Intelsat Expects $2.1B in Revenue This Year, Execs Outline Pivot to Solutions Provider
McLean, VIRGINIA — Intelsat expects to earn $2.1 billion in revenue this year, CEO David Wajsgras said during an investor day event on Nov. 30, giving a rare look at the company’s finances and outlining its “strategic reset” from a bandwidth supplier to an end-to-end solutions provider.
Executives said Thursday that the company is in the best financial position in a long time, after using C-band proceeds to pay down its debt. Intelsat emerged from bankruptcy proceedings about 18 months ago, cutting its debt in the process from from approximately $16 billion to $7 billion.
CFO Toby O’Brien said Intelsat began 2023 with about $5.8 billion in debt. The company’s debt covenants required it to use half of the after-tax proceeds of C-band money — both reimbursement and accelerated clearing payments – to pay down its debt. Intelsat paid about $2.8 billion toward its debt this year and paid off the balance of a term loan. Now, the company expects to end 2023 with $2.1 billion in net debt.
“[It’s] clearly the best position the company has been in a long, long time, with flexibility to create value as we move forward,” O’Brien said.
Wajsgras gave a picture into 2023 financials, that Intelsat expects adjusted EBITDA in 2023 to be 43%. The company expects to close out the year at roughly a 2.3 net leverage ratio, and $4.5 billion in backlog.
Wajsgras described the company’s overarching strategy to be a “leading end to end provider of seamless and secure satellite based network solutions to government and commercial customers globally.”
He put Intelsat’s reset in the context of changes in the satellite industry, estimating that five years ago, the satellite industry had a $12 billion to $15 billion market for wholesale bandwidth, and there is now a $50 billion addressable market for satellite connectivity.
“We were wholesale bandwidth providers, we’ve evolved with our customer group,” Wajsgras said. “The folks that can execute and deliver end-to-end connectivity are the companies that are going to win in this new industry. We’re now looking at about a $50 billion total addressable market — three to four times the size of what we were looking at before.”
Wajsgras outlined Intelsat’s growth markets as commercial aviation, government, mobility (including land mobility), and networks. Broadcast remains the most profitable portion of the business, but it is declining in revenue.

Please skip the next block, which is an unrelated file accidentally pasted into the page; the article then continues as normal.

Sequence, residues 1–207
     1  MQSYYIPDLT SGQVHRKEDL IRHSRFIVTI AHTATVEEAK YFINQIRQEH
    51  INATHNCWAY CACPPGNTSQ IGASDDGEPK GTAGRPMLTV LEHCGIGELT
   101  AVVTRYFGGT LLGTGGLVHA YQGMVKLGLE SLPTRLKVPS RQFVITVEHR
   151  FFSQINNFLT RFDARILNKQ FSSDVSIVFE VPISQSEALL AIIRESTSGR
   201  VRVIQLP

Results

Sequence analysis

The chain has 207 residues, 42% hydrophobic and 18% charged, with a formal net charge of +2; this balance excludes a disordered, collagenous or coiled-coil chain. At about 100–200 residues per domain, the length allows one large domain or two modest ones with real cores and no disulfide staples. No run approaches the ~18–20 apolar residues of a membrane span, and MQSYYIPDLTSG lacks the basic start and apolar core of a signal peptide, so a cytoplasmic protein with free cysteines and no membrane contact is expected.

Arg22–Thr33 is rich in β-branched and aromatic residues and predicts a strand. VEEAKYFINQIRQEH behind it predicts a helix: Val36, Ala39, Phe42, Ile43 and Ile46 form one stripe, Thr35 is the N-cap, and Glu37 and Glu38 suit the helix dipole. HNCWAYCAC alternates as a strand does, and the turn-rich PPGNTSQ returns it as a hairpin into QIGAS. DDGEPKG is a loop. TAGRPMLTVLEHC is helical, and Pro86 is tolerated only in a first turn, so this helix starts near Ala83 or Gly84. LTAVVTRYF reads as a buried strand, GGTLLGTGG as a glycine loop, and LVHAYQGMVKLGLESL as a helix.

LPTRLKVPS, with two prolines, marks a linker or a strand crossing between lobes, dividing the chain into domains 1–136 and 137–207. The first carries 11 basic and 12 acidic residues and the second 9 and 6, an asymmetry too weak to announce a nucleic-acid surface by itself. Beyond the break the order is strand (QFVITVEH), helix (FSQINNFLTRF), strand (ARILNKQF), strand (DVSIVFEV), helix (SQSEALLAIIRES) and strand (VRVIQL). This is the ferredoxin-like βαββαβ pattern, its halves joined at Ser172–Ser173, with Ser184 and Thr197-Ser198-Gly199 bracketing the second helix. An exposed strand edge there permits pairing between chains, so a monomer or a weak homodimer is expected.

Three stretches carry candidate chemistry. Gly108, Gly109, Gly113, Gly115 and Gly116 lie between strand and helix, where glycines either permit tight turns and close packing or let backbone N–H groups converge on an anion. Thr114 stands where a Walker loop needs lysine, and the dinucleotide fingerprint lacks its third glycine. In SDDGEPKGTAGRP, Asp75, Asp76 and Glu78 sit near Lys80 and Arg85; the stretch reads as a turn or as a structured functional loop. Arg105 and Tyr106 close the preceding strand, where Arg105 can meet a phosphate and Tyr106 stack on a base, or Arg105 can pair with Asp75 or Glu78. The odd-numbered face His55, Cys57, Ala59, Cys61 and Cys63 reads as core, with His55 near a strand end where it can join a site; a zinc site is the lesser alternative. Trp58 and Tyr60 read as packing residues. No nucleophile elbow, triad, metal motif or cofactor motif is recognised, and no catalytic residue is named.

A key part of offering managed, end-to-end services is Intelsat’s partnership with Low-Earth Orbit (LEO) operator OneWeb, now owned by Eutelsat. Wajsgras said SpaceX’s disruption in the industry with its Starlink LEO broadband constellation has “raised everyone’s game,” and stressed Intelsat is competitive.
“When customers are asking for or demanding a multi-orbit solution, we can offer a multi-orbit solution. When they’re not, we can offer world-class GEO satellite services,” Wajsgras said. “We are winning against LEO providers when it’s head to head. Not all the time, but we are winning our fair share of business.”
MEO Constellation and Fleet Investment Plans
Intelsat currently has 58 GEO satellites, and Wajsgras expects that GEO fleet size to stay above 50 satellites. It will likely decrease a bit as software-defined satellites offer more capacity, so some legacy satellites will not be replaced. Intelsat is not expecting a capacity shortfall in the coming three to five years, and has capacity partnerships in place, including with Sky Perfect JSAT.
Intelsat is investing in four software-defined satellites, two from Airbus and two from Thales Alenia Space. Wajsgras said he’s confident all four software-defined satellites will be in service by the first half of 2026, despite reports of potential delays with the Airbus OneSat program.
The company is considering investment in a Medium-Earth Orbit (MEO) constellation, and issued an RFP over the summer. Wajsgras said Intelsat is going through the information and looking at the market to decide to move forward, and will make a decision some time in 2024.
CTO Bruno Fromont said Intelsat received proposals from legacy manufacturers and new space companies. If Intelsat moves forward, it will probably “mix and match” proposals.
A MEO constellation could be an optimal investment from both customer experience and financial payoff, compared to GEO and LEO. Intelsat has doubts about the sustainability of LEO-only business models, even though the customer experience is strong, Fromont said.
A potential MEO investment would allow Intelsat to go beyond the traditional fixed satellite services market. “You can integrate different types of missions and aggregate different sources of revenue on the constellation, which makes it very interesting. On the other hand, new missions [such as] laser communications are nascent markets. That’s where the due diligence is to go further,” Fromont said.
Wajsgras said he’s comfortable with both the technology and network architecture in MEO. “What we’re still working through are the use cases and the longer-term economics to make sure that its value-accretive to Intelsat,” he said. “We don’t want to miss the mark here. If we go down that path, it’s going to be a benefit for all of our stakeholders.”